These workers are predominantly women and in the worst cases, children, who are forced to work for long hours as their well-being is compromised for the sake of cheap and fast production.

“In many cases, these unsafe working conditions result in human rights violations as workers are exploited and the cycle of poverty continues,” comments Marie. “That is the true cost of fast fashion.”

Part of a larger cultural problem

Marie believes that the rise of fast fashion is linked to the larger social issue of a modern ‘disposable culture!’

“More and more, we’re seeing garments being quickly discarded and replaced as part of a mindset that encourages overconsumption. While we are in no way opposed to consumers exercising their freedom to purchase what they like, we advocate for a more considered and sustainable approach to reduce waste.”

The Global Sourcing Expo attracts exhibitors from 13 countries, many of whom, like the Textile Export Promotion Council, prioritise sustainable production processes and materials to create high-quality and long-lasting garments.

“One of the biggest priorities of the 2023 Global Sourcing Expo is promoting transparency and accountability throughout the international sourcing supply chain,” says Marie. “Our exhibitors are a testament to this commitment, as is the high number of sustainability-focused seminars in our Global Sourcing Seminar program.”

And while she acknowledges that Australia still has a long way to go in the fight against fast fashion, Marie comments that the industry has observed a noticeable shift in consumers prioritising ethically-made products.

“The conscious consumerism mindset is definitely spreading, and many buyers are seeking accountability for whether or not the clothes they purchase were produced under ethical and sustainable conditions. We look forward to engaging with buyers, suppliers and industry experts in the Global Sourcing Expo in July and continuing this important conversation,” she concludes.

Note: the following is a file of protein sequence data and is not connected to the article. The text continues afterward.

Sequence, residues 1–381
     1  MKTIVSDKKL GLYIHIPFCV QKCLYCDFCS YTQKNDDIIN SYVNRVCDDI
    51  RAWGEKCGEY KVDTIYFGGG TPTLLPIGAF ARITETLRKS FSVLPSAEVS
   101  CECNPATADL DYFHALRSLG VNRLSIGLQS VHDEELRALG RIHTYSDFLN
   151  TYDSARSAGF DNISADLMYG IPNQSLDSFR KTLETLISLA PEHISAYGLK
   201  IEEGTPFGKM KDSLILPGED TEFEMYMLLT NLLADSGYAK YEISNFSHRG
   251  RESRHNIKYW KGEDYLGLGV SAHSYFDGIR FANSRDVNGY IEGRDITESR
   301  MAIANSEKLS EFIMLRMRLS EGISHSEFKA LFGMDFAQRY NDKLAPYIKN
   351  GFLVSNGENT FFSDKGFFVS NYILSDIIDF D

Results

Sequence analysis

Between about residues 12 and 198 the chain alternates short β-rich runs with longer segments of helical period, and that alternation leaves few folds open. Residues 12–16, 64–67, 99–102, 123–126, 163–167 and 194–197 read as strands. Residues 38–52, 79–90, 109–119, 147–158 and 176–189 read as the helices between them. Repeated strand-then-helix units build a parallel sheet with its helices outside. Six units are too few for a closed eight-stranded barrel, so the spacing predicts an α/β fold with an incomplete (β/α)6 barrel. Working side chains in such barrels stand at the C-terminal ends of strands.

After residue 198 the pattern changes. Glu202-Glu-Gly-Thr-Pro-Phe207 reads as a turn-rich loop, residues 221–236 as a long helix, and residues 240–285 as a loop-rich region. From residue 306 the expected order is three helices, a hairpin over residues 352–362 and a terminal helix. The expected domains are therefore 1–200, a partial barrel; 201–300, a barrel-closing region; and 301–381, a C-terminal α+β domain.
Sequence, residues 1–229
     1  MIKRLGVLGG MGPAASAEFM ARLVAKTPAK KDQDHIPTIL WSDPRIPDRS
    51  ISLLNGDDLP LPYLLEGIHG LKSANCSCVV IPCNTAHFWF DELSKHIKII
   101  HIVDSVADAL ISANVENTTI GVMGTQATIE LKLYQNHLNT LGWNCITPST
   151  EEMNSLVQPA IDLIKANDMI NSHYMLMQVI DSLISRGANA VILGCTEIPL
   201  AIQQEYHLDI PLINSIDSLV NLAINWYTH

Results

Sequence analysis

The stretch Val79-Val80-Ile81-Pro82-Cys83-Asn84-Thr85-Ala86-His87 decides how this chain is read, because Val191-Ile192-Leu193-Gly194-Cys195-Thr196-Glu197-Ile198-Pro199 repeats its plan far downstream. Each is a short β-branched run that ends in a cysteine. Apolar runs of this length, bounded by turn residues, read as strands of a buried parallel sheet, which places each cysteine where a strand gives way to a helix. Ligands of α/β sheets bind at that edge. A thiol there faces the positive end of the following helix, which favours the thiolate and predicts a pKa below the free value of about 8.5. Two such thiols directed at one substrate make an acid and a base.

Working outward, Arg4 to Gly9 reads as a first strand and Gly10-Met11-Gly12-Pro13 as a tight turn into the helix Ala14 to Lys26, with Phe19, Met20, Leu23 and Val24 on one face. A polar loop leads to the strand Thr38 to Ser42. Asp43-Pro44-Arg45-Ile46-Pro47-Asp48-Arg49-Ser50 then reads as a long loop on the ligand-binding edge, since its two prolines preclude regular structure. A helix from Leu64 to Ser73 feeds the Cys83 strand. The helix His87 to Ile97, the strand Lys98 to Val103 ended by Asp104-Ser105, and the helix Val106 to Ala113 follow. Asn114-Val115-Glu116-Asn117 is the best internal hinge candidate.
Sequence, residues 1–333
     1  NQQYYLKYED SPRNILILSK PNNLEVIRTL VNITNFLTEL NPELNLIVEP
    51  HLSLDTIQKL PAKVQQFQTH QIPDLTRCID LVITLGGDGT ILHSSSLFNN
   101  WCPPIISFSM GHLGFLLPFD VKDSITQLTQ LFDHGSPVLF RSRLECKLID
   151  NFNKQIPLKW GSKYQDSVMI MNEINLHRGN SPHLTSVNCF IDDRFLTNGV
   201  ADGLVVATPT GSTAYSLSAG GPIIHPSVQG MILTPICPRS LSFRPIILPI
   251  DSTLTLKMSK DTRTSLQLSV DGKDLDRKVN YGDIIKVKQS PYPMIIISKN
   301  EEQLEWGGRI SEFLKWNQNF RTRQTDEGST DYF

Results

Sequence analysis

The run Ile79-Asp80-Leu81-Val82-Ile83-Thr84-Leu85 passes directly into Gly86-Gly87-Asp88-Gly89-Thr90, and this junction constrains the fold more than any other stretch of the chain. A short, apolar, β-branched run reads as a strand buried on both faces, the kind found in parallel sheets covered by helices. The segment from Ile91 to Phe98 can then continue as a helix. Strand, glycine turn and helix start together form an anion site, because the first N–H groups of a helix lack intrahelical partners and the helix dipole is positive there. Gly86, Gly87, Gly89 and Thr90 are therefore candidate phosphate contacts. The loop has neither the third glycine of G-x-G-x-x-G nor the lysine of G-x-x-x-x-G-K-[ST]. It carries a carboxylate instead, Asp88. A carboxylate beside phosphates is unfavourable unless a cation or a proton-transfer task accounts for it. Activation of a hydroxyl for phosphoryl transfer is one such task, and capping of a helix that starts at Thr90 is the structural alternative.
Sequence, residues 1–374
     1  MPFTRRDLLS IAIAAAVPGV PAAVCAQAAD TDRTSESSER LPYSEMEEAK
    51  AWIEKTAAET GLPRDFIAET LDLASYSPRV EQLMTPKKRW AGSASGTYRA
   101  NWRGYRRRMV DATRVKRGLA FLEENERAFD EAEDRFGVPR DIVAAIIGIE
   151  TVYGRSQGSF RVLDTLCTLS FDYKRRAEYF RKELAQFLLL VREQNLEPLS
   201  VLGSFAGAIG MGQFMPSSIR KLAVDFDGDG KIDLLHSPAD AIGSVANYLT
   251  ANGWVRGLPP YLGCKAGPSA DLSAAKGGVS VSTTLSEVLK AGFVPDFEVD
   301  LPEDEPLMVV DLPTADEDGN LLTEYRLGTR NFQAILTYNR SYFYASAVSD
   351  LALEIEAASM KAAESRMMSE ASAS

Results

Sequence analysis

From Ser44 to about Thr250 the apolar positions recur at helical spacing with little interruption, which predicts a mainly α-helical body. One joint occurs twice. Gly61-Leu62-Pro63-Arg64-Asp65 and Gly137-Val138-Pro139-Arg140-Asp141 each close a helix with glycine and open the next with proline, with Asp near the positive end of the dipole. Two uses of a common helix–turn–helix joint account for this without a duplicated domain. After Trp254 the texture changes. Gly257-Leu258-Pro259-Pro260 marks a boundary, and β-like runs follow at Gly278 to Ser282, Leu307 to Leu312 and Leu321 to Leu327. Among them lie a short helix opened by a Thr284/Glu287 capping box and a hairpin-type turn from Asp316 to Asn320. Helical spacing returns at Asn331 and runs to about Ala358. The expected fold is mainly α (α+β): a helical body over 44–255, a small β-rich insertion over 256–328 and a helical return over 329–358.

Ends

FOR EDITORS

About the Global Sourcing Expo Sydney 2023

Global Sourcing Expos Sydney and Melbourne provide a dedicated show platform to connect global manufacturers, producers, service providers and fashion labels with trade buyers and industry professionals from Australia, New Zealand and beyond.

The Show now includes a focus on home and gift, as well as apparel, accessories, and textiles. As one of the only shows in Australia to directly target wholesale and retail buying groups, this is an ideal opportunity to enter the Australian market.

“The Global Sourcing Expo connects the world!”

When and where for Sydney Show: Tuesday 11 – Thursday 13 July 2023, International Convention Centre, Sydney, Australia.

When and where for Melbourne Show: Tuesday 21-Thursday 23 November, Melbourne Convention and Exhibition Centre.

Website: https://globalsourcingexpo.com.au/

FOR EDITORS

About IEC Group Pty Ltd

International Exhibition & Conference Group Pty Ltd (IEC Group Pty Ltd) is a privately owned Australian company of key personnel with combined exhibition industry experience of over 70 years.

Enquiries about the event: Julie Holt, IEC Group. julie@iecgroup.com.au or +61 (0) 3 9596 9205

For editorial enquiries please contact:

rene@positivitd.com

Rene Rose

M +61 474 476 344